Will Success Spoil Sharon Needles? Not If She Can Spoil It First.

This interview appears in the February 2012 issue of Pittsburgh’s Out which can be read at outonline.com.

By Natty Soltesz

Brace yourself, America: Pittsburgh-based drag performer Sharon Needles (born Aaron Coady) is bringing her outsized, outrageous and occasionally offensive brand of drag to your living room. One of thirteen competitors on season four of RuPaul’s Drag Race (premiering January 30th on cable network Logo), the self-anointed Queen of Shock has been blowing Pittsburgh audience’s minds for the past several years at venues like the Blue Moon and the Brillobox. How will she hold up under RuPaul’s scrutiny?

We’ll have to watch and see, but underneath Sharon’s pull-no-punches stage persona is an intelligence and a dedication to drag that should serve her well. Pittsburgh’s Out spoke to Sharon about reality-TV fame, the state of Pittsburgh drag, and the necessity of Elmer’s Glue Sticks.

Pittsburgh’s Out: You’ve been doing drag for a long time. Did you ever see yourself getting this much notoriety?

Sharon Needles: You know, yes. When I was young I was vain enough and blind enough and living on my own planet to know that I was going to be famous. But the older I got the more that I was seeing reality and knowing that it probably wasn’t going to happen. But now there’s so many reality shows, anyone can be famous. Andy Warhol once said that one day everyone will get their fifteen minutes of fame, but, you know, you get fifteen episodes.

What’s been the best part of the experience so far?

Literally all the friends that I made. You take that many drag queens and pack em up into a room and put them in sixteen-hour daily shoots, and instead of hating each other we really all loved each other. Some more than most.

Do you worry about how they’ll edit you, or how the exposure will affect you?

My exposure has always caused indifference with people. I say I’m the Queen of Shock and I say it for a reason. I’ve always felt like I was pushing buttons so I’m sure it will be no different than what I get now. In terms of how I’m being edited, I’m such a fan of the show, so I’m looking forward to seeing the story that’s created. And it’s shocking cause I thought reality TV was much more forced and scripted, and it really wasn’t ever scripted or forced.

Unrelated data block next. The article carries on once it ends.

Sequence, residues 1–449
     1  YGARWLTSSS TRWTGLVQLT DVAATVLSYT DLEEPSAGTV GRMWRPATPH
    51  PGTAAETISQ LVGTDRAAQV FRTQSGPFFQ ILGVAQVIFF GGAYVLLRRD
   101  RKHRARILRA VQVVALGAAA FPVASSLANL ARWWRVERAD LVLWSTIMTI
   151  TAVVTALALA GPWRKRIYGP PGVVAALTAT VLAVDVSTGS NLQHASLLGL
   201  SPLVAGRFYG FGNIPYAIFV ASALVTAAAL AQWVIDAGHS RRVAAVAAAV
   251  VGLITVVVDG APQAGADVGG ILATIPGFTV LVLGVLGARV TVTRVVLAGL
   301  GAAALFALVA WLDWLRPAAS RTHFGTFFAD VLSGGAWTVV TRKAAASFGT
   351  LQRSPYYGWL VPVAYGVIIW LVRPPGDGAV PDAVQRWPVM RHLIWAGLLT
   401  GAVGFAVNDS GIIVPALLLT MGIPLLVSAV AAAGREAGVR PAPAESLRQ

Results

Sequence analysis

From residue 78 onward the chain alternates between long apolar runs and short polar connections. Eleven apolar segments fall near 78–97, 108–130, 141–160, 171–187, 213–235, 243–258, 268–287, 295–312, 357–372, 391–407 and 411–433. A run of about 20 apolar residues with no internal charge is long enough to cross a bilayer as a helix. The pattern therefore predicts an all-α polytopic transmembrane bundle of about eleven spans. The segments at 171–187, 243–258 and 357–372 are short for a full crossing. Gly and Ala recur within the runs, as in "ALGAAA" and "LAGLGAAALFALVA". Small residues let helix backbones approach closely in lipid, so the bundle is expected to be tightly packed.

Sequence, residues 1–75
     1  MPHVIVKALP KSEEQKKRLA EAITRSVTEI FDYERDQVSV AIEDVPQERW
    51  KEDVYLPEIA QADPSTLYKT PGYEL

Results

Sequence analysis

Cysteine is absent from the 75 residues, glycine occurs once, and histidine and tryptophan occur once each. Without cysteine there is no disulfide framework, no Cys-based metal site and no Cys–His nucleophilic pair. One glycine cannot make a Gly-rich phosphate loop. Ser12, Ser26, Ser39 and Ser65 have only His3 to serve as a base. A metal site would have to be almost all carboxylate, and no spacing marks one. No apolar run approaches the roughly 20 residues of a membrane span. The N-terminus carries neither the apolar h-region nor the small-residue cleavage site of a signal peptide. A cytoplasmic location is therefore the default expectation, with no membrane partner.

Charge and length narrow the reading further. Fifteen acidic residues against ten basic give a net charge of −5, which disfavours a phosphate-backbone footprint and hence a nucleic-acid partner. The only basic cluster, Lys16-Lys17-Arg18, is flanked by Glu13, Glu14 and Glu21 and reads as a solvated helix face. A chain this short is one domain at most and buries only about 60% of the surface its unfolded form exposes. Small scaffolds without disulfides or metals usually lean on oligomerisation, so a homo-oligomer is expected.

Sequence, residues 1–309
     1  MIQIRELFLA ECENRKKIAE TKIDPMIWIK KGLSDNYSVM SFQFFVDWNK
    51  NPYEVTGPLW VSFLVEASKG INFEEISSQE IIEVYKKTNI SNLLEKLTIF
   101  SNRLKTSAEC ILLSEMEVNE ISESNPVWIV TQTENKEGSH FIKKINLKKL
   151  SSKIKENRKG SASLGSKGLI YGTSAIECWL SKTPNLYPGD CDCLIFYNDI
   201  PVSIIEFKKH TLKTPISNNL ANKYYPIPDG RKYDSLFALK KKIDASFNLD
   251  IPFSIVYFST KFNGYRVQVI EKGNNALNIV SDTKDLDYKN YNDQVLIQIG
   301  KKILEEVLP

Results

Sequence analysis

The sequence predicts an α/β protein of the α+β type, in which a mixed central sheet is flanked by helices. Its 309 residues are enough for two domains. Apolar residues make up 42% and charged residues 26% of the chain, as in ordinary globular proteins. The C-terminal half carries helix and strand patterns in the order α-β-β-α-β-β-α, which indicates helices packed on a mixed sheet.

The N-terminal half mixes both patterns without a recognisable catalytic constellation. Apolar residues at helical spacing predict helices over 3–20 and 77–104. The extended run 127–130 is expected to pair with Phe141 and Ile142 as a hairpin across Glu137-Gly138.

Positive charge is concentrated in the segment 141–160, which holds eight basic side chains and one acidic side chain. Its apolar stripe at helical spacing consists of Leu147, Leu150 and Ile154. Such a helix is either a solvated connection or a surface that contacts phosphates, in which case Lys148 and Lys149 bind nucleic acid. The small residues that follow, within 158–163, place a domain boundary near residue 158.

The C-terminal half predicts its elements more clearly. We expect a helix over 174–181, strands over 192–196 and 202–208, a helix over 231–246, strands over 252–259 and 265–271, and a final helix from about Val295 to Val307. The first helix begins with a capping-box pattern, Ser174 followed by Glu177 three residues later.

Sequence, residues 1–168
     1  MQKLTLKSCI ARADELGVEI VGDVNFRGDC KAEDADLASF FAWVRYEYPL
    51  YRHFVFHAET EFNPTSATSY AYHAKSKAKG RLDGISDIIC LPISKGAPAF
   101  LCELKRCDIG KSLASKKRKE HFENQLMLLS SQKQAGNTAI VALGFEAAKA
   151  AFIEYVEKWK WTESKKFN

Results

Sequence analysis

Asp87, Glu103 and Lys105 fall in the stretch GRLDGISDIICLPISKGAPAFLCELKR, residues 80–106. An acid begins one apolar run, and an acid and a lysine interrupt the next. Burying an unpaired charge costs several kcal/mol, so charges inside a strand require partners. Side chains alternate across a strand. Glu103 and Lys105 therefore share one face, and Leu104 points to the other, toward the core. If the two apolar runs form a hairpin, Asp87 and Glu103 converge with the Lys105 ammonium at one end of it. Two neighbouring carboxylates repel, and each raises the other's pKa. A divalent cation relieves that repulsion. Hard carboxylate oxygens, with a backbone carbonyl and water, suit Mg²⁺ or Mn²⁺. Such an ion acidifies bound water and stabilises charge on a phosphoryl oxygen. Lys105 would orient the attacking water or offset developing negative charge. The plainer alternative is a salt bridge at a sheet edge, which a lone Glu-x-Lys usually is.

If Sharon could endorse any product, what would it be?

Elmer’s Glue Stick. You can ask a drag queen what’s the most important thing in your makeup kit and you’ll never hear foundation, mascara or lipstick; you will hear ‘glue stick.’ It’s our number-one secret.

You have this great sense of taste and an ability to fuse your influences – like Peg Bundy & Marilyn Mason – into your drag persona. Do you use any Pittsburgh people as role models?

Any queen in this town, I love. I look at Georgia Bea Cummings, she makes me want to wear a gown. I look at Veruca la Piranha, I want to paint up like a clown. I look at Alaska Thunderfuck, I want to sing live. I look at Courtney Brown, I want to impress all the judges in a pageant. I want to be Kierra Darshell, I want to be a great MC. I want to be Marsha Mellow, I don’t want to give a fuck about anything, especially the way I look. I want to be Lola LeCroix, I want to look like a fishy, bitchy cunt. I want to be Lady Rose and be a statuesque pageant queen. I want to be Mahogany and be a fearless performer on stage. I want to be Cherri Baum and be fish down. I wanna be Amy Vodkahaus and be a total campy mess and relish in it. I love every Pittsburgh queen.

Is there anything you wouldn’t do in front of an audience?

I would never take myself too seriously on stage. I don’t know how.

You grew up in Newton, Iowa – how’d you end up in Pittsburgh?

I lived in a lot of cities in my late teens and early twenties. [At one point] I was looking at nine months in jail and my friend said “I’m moving to Pittsburgh tomorrow,” so I was thinking “Hmm: Pittsburgh, jail – they sound quite similar! Maybe I’ll come and stay for a couple of weeks” – cause I never stayed in a city for long. And I just loved it.

What keeps you here?

It’s like America’s dirtiest secret. I really like the street fashion and I love the dive bar scene. I like it cause it’s rough around the edges. I still get called a faggot everyday, you know? Not that I think that’s a good thing, but I like that it’s blue collar. It’s a town where people aren’t afraid to call someone a faggot, and I like that. [Laughs.] I don’t know why. I never get called a faggot in New York or LA! Sometimes I think I’m not dressed appropriately.

You consider yourself a transgressive artist. When people are put off by your performances does part of you want them to understand, or do you just think “fuck you”?

It would be stupid to think that by doing transgressional art for a living [I’m not] gonna piss them off. But then the innocent side of me that does what I do…I’m always really upset when someone’s upset about it. And I say “fuck you.” But I don’t mean it. I always feel bad when I make someone else feel bad. And then the mean side of me wants to say “I feel bad that they’re too fuckin stupid not to realize that a man in a dress is being an example of all of our anxieties and all our fears.” I always say, I’ll take the darkest issue and put it right in the spotlight. For free. Every other Saturday at the Blue Moon.

Sharon takes no shit, and that must feel liberating. Do you need to be in drag to make her real?

Do I need drag to bring out Sharon Needles? Yes. And maybe alcohol.